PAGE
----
South Carolina: Most Areas in Desperate Need of Rain – USDA
Crop Progress and Condition for the Week Ending July 13, 2014.
According to the National Agriculture Statistics Service South Carolina Field Office, there were 6.2 days suitable for fieldwork for the week ending Sunday, July 13th, 2014. The State average rainfall for the seven-day period was 0.6 inches. The State average temperature for the week was two degrees above the long-term average. Soil moisture ratings for topsoil were reported at 17% very short, 48% short, 33% adequate, and 2% surplus. Soil moisture ratings for subsoil were reported at 16% very short, 45% short, 37% adequate, and 2% surplus.
COUNTY AGENTS COMMENTS
“Weather conditions were mostly hot and dry with afternoon showers”
–Danny Howard, Greenville County, District 10
“Good rains last week aided considerably in the completion of a pretty good tobacco crop and a fair corn crop. Tobacco harvest is in full swing now as farmers are making their way across the entire crop for the first time. Cotton is progressing very well along with the soybean crop. Right now crop conditions look pretty good.”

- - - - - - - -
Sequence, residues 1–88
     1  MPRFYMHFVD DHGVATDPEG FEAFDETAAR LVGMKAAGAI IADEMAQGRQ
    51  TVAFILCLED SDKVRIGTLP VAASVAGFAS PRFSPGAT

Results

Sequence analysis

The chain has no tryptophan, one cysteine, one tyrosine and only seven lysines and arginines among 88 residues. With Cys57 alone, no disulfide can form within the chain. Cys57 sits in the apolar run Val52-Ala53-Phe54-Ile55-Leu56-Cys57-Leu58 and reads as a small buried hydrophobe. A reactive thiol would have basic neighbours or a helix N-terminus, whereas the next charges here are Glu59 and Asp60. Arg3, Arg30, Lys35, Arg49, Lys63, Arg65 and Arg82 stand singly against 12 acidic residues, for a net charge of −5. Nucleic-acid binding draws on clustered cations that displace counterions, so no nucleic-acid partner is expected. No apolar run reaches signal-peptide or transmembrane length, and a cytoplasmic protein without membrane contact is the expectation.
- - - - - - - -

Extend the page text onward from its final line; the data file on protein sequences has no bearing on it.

–Kyle Daniel, Georgetown County, District 30
“Rains in the upper section of Calhoun County benefited cotton and peanuts. Dry land corn has been damaged by the lack of rain.”
–Charles Davis, Calhoun County, District 50
“Hot, dry weather patterns are affecting some areas. Cotton is blooming in the “top” and some is showing signs of wilting during mid-day. Peanuts are blooming and pegging, therefore would benefit from some rain. Most corn could also use some rain.”
–Mark Nettles, Orangeburg County, District 50
“A fourth week with no measurable rain across the county has decimated the dry land corn crop and further reduced condition and potential of other crops. Cucurbit harvest is beginning to wrap up. Harvest of peaches is continuing. No insect or disease problems reported. Deer browsing of late planted soybeans and peanuts continues to be significant. Rain is desperately needed to salvage crops this season.”
–Hugh Gray, Hampton County, District 80
It happens every year, every August, even in July sometimes. I had written it off this year, thinking the market was too exciting, but the Dog Days of August have